Automate Lightning Node Management with CLBOSS

Automate Lightning Node Management with CLBOSS

Lightning is a micropayments network built on top of Bitcoin. It’s pretty great, and it lets you send bitcoin around instantaneously instead of waiting around for a block to be mined. Lightning elevates Bitcoin into a new paradigm of trustless digital cash that can not be achieved purely with on-chain transactions, with all of the limitations blockchains bring along with them.

Scalability, privacy, programmability, and user experience are all things that Lightning improves. But in order to maintain the full trustlessness of Lightning, one has to operate a Lightning-specific node in addition to a Bitcoin consensus-layer node.

Let’s be honest. Running a Lightning node is not a simple endeavor. A level of knowledge from two separate disciplines is required to successfully run a LN node. First, operating a LN node requires a decent understanding of packet routing / firewalling so other nodes can connect to yours, and underlying operating system administration to keep your node secure.

On top of that, node operation requires an understanding of how the Lightning Network works.

Managing a LN node is also a fairly interactive process, meaning you have to do a lot of individual manual tasks. You have to know which peers are “good” peers to open channels to, and that in of itself is a difficult thing to accomplish. Then you have to actually open the channels. Then you have to make sure the channels remain open if they are closed by your channel counterparty for some reason. You have to manually balance your channels, and understand why you would want to balance channels in the first place. The list goes on…

Obviously, these tasks pile up and eventually become the equivalent of a part time job.

Show Your Node Who’s Boss

Enter CLBOSS, an “AI” for your c-lightning node. All of the manual Lightning tasks I mentioned earlier are automatically handled by CLBOSS so you can go about your day without having to constantly tend to your LN node.

CLBOSS is specific to c-lightning, so you’ll have to migrate from other implementations to harness its awesomeness.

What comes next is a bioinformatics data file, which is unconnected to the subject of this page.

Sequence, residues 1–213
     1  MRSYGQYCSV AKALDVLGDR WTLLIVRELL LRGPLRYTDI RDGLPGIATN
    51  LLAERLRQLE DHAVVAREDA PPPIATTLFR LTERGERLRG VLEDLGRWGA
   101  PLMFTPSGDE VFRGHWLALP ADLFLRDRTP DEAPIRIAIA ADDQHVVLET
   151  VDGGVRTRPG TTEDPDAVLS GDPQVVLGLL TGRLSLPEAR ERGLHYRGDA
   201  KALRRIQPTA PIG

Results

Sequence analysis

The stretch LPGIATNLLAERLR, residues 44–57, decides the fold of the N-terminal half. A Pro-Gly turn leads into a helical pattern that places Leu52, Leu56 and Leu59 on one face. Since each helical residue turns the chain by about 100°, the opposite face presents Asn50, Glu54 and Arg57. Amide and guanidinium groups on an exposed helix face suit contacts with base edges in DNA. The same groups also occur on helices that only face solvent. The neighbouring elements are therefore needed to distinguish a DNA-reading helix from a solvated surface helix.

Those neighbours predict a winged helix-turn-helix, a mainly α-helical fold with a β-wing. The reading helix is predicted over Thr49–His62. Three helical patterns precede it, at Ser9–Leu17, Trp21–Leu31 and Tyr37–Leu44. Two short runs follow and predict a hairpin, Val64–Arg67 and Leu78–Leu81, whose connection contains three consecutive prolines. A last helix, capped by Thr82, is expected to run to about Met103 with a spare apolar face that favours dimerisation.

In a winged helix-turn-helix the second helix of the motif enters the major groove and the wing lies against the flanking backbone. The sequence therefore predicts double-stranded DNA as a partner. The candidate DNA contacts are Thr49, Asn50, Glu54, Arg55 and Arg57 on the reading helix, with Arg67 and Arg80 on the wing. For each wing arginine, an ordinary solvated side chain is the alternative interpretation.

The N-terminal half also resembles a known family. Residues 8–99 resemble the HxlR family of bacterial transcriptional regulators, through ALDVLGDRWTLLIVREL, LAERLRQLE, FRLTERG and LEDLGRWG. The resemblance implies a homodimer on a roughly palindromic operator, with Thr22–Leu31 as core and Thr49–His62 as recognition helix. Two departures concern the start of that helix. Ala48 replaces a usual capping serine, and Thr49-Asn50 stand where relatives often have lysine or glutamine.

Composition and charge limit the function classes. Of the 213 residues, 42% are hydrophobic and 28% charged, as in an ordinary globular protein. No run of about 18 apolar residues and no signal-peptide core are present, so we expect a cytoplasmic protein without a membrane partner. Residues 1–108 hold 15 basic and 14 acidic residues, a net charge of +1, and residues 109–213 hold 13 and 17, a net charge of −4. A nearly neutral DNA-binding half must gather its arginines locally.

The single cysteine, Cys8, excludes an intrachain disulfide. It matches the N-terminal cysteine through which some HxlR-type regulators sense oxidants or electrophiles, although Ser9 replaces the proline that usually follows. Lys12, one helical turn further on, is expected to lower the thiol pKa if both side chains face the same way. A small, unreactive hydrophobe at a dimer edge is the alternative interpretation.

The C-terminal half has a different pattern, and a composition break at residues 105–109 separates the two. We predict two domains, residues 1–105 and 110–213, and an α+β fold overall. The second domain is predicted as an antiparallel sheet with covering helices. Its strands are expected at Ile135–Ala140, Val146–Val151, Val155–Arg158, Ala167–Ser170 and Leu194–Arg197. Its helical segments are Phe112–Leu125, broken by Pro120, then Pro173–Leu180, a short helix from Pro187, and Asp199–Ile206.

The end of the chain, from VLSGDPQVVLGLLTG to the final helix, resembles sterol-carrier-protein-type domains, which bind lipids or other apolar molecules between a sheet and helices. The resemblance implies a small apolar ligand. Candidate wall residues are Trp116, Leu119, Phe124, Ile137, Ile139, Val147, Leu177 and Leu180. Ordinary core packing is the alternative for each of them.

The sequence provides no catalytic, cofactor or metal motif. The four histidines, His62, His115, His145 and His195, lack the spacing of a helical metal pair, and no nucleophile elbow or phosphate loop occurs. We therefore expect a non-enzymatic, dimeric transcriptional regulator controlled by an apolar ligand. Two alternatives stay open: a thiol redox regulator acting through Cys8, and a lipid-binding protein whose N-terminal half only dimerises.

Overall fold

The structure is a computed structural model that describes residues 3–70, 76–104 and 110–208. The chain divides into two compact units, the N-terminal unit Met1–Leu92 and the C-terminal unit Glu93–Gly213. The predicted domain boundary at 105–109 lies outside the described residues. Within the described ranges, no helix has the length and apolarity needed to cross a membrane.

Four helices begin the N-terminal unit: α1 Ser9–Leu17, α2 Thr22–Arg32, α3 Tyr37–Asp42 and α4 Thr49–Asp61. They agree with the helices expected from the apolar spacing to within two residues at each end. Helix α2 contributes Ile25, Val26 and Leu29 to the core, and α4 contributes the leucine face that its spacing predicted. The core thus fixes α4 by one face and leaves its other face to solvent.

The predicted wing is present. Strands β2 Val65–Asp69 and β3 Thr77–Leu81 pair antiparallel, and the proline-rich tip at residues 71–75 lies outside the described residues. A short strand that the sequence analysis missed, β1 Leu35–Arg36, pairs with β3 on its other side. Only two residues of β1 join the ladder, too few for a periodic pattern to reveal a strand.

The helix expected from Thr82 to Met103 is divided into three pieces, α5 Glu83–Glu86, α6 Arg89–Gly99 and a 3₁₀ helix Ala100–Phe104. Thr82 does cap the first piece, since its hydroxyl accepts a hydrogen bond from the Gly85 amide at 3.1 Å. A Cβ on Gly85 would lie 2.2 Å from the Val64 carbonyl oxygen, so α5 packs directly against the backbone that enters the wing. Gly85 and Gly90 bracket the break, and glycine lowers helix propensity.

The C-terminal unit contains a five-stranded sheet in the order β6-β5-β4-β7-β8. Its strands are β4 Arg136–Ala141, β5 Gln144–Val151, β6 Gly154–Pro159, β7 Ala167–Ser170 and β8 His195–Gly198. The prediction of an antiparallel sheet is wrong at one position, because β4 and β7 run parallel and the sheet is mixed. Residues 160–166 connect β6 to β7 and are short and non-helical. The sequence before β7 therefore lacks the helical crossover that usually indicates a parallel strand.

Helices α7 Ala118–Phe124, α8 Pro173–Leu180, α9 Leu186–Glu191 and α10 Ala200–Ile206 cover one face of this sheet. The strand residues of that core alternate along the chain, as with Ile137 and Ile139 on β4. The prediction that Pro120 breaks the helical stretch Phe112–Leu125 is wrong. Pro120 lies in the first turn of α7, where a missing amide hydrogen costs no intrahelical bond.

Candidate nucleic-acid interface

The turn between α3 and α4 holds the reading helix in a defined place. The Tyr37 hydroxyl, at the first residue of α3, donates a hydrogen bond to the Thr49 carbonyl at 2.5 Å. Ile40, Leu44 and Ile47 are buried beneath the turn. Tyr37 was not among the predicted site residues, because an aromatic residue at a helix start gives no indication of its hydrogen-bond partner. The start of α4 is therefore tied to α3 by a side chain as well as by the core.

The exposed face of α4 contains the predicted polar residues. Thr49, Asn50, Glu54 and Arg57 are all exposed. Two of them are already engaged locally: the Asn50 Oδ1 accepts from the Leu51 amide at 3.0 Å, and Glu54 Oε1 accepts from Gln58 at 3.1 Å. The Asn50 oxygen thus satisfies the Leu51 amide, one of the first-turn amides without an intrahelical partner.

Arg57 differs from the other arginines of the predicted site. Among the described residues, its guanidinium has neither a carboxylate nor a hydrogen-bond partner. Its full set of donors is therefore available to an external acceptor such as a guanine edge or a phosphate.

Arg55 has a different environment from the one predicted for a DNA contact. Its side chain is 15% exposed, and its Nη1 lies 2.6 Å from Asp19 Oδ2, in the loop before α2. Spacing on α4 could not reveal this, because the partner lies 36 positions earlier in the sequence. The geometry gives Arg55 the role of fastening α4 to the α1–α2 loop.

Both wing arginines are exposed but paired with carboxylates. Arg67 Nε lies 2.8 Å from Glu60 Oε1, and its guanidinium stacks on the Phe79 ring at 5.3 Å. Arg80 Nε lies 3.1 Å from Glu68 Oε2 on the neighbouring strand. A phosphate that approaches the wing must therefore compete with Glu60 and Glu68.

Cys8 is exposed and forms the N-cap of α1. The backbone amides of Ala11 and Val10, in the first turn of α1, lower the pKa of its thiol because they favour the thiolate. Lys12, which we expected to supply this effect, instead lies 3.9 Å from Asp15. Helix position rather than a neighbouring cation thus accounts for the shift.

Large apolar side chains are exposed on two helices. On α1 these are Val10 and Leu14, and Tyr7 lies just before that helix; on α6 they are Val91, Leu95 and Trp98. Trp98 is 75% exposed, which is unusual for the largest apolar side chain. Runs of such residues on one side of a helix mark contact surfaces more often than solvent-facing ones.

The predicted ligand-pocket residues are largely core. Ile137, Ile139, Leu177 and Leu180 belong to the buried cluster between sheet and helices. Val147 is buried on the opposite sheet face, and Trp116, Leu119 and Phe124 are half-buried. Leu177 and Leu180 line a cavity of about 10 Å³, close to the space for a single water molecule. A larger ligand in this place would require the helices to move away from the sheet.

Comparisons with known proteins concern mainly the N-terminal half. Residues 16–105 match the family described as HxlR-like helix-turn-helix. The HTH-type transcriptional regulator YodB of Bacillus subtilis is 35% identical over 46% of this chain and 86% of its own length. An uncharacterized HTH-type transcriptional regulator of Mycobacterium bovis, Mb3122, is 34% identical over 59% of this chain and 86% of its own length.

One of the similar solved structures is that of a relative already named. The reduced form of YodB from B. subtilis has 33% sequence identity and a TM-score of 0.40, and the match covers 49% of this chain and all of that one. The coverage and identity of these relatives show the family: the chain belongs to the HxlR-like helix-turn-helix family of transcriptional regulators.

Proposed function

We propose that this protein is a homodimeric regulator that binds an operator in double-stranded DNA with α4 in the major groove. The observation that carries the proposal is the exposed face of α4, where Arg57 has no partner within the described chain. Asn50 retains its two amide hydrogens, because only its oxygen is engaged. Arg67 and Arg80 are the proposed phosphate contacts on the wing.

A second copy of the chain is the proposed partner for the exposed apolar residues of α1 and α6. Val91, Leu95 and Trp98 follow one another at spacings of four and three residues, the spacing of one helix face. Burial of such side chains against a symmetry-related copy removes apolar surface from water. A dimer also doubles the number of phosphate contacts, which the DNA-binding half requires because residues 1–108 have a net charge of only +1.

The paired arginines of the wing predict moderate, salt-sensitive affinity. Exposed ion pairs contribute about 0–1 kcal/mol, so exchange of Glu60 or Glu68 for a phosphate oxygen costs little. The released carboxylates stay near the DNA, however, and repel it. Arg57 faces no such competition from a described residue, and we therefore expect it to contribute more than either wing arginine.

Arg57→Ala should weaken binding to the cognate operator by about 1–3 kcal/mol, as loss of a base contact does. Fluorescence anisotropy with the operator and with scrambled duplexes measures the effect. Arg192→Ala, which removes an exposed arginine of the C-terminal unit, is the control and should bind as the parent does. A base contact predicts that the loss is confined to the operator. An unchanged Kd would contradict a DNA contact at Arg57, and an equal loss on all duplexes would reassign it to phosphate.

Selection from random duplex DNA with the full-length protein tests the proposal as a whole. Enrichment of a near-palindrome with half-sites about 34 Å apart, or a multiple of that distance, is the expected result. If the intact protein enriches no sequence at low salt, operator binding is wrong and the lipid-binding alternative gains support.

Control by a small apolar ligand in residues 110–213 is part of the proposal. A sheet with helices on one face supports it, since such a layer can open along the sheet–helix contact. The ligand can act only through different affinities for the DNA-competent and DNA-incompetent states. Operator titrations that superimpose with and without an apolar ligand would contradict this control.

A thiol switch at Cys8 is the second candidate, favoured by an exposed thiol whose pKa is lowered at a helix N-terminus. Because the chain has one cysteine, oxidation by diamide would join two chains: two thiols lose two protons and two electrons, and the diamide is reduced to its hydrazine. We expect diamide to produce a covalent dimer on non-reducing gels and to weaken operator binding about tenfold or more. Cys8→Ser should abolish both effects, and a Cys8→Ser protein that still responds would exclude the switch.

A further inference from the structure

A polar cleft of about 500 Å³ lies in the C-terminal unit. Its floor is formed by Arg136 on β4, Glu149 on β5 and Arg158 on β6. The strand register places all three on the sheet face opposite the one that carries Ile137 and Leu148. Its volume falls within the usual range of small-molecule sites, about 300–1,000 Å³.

Here’s what CLBOSS can do:

  • Probe nodes to determine which ones to open channels to
  • Open channels when fees are low and there are on-chain funds
  • Adjust routing fees to be competitive with other nodes
  • Perform submarine swaps via API
  • Automatically rebalance channels

Additionally, it can do cool things leveraging c-lightning such as opening multiple channels in a single Bitcoin transaction.

This means all you have to do is deposit some bitcoin into your c-lightning node and CLBOSS will start working on your behalf. No more tedious part time LN operator job!

Installing CLBOSS

Raspiblitz users can quickly install CLBOSS in the SETTINGS menu. Just hit spacebar when CLBOSS is selected and then hit OK.

Otherwise, a manual install is required — although it’s just the typical ./configure && make && make install. The CLBOSS Github repo README has a list of dependencies too.

GitHub - ZmnSCPxj/clboss: Automated C-Lightning Node Manager

CLBOSS is an automated manager for C-Lightning forwarding nodes. CLBOSS is effectively a bunch of heuristics modules…


Once CLBOSS is installed, add it to your c-lightning config file:plugin=/usr/local/bin/clboss

Restart your c-lightning node, then simply feed your node some bitcoins. Over time you will end up with a slew of balanced channels and maybe even some routing fees— depending on how much BTC you feel like putting online in a hot wallet.

That’s it! While CLBOSS does its thing, you can keep an eye on the various tasks it performs with the clboss-status command.

e.g. lightning-cli clboss-status

This will output:

  • On-chain swaps CLBOSS has performed for you
  • A list of high quality nodes CLBOSS has discovered via probing
  • Individual peer metrics (channel age, routing attempts, fees per day, etc.)
  • Other stats

Now that you’ve set up CLBOSS, you can sit back and relax knowing you have less TODOs on your plate. Thanks for reading!

Note: This blog was originally posted at

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